Another thing that might help for this is to connect a scanner with "record" capabilities, or a type of flight recorder that you control. When the problem occurs, you press the "record" button, then the mechanic can play it back slowly later to see what changed. Because that data passes through the scanner's memory, the recording actually starts a few seconds before you pressed the button.
That is fairly effective with intermittent running problems on older vehicles but for electrical problems it could also affect the power source the vehicle supplies to the scanner. Losing scanner power could erase anything it memorized or recorded. On newer vehicles from the last five to eight years, there are so much electronics and computer controls interconnected, that seemingly unrelated computers can cause the problem you described. Diagnosis of those things can be easier in some cases thanks to all the computers, but when no codes are being set, finding the cause can be real frustrating, as you're finding out.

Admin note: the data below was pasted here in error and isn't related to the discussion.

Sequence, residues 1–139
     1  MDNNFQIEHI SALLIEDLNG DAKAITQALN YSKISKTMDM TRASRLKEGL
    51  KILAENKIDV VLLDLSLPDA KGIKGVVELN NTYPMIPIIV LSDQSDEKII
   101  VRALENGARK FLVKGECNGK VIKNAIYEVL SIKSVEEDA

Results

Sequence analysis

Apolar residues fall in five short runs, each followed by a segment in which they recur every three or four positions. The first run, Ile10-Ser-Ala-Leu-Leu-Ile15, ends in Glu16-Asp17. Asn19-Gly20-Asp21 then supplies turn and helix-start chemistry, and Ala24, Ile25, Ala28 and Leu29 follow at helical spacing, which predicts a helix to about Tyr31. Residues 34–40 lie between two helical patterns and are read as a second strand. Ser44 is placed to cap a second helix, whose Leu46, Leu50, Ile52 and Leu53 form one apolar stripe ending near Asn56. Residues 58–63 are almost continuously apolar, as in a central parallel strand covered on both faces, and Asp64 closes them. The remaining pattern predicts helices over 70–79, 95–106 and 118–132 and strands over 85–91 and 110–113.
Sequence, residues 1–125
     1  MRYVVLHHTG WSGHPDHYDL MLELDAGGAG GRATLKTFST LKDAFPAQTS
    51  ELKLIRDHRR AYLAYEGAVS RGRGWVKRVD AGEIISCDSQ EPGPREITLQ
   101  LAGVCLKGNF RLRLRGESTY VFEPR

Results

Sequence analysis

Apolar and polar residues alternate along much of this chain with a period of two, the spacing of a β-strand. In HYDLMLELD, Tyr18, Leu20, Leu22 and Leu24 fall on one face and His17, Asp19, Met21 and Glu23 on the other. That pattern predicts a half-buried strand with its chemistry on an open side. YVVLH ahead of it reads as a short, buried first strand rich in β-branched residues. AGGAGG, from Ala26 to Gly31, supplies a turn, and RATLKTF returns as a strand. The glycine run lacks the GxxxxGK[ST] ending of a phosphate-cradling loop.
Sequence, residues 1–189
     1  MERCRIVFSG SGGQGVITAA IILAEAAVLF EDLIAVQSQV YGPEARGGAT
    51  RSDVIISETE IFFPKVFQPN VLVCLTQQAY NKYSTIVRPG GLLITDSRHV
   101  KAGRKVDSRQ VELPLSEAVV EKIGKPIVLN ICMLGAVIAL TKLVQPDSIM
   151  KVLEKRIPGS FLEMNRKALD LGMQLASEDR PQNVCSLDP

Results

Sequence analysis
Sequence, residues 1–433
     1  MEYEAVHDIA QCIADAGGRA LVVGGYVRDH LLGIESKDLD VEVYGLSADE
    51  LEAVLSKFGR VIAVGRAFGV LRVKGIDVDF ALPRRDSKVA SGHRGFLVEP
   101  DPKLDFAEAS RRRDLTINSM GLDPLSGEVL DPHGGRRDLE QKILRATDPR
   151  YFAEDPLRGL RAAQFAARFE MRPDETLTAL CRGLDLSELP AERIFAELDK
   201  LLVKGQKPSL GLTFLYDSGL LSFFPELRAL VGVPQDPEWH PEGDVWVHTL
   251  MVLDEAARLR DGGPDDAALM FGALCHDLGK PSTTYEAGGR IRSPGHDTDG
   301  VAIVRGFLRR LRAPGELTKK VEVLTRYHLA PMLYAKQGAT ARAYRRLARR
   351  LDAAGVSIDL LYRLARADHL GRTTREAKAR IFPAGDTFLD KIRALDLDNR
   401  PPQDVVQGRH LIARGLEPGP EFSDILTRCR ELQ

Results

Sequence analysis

Thursday, June 28th, 2012 AT 8:11 PM